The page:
Why Maslow’s hierarchy of needs is less useful than the simple trio of autonomy, relatedness and competence
You’ve probably heard of Maslow’s heirarchy of needs: the theory that, until you have shelter and sustenance you won’t be able to achieve friendship or inspiration. The theory has been extensively utilised in management, where a lack of staff motivation reflects more basic problems which need to be solved.
That’s not accurate, argues motivational author Susan Fowler, writing in the Harvard Business Review. She claims that “individuals can experience higher-level motivation anytime and anywhere”. Instead of a hierarchy of needs, she points to three equally important ‘universal psychological needs’ required for inspiration, which we’ve summarised.
Employees need to feel they have choices, and that they have some involvement in deciding a course of action. To promote this, Fowler advises you to present goals and deadlines as essential to people’s own success, and not relying on external motivation, whether that be competitions or putting sustained pressure on staff members.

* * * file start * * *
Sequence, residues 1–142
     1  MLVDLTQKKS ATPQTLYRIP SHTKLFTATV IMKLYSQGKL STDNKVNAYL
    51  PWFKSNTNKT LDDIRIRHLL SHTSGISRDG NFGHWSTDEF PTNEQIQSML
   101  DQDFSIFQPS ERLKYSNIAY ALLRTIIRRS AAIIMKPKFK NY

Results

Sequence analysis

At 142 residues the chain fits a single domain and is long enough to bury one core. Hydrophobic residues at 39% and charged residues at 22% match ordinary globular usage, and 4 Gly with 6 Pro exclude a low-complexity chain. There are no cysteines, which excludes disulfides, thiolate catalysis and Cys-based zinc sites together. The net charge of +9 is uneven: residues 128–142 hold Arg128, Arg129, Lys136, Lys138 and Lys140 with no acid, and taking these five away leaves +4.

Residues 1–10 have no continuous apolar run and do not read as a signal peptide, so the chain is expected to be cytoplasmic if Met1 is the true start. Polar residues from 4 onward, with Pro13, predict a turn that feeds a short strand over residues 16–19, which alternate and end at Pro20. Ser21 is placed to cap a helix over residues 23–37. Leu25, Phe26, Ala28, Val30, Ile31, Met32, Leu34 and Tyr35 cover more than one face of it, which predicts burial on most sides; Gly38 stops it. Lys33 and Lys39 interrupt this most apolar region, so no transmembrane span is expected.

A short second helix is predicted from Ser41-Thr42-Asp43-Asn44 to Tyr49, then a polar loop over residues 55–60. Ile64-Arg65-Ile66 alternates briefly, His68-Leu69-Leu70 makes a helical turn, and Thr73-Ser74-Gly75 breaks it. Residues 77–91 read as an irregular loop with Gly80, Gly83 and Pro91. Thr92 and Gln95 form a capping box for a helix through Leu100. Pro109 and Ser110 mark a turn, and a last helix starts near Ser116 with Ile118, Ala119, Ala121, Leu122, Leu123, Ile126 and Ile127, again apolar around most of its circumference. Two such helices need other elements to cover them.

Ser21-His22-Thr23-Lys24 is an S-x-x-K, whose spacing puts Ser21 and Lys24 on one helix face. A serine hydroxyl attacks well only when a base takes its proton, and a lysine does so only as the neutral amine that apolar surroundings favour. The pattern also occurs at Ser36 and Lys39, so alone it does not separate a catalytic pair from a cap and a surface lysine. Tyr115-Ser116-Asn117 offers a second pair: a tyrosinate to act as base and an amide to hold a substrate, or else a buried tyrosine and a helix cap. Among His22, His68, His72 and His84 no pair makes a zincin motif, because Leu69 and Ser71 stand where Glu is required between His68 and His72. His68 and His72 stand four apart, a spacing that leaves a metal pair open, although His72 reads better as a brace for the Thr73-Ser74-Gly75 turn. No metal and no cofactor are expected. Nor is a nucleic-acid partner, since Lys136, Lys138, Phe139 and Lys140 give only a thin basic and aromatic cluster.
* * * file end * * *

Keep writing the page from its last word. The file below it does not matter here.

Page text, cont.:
“Leaders have a great opportunity to help people derive meaning from their work”, explains Fowler. Doing so relies on you allowing employees to talk about their feelings about particular tasks, and finding out what those values are, so you can align their personal values with company culture.
Not only do employees need to feel confident taking on day-to-day tasks, they need to feel like they’re building their skillset. Fowler insists leaders must show real commitment to learning – including protecting professional development budgets from cutbacks, to reassure employees, whilst goals should be driven by learning, not just results.
Read Fowler’s original article on the Harvard Business Review website
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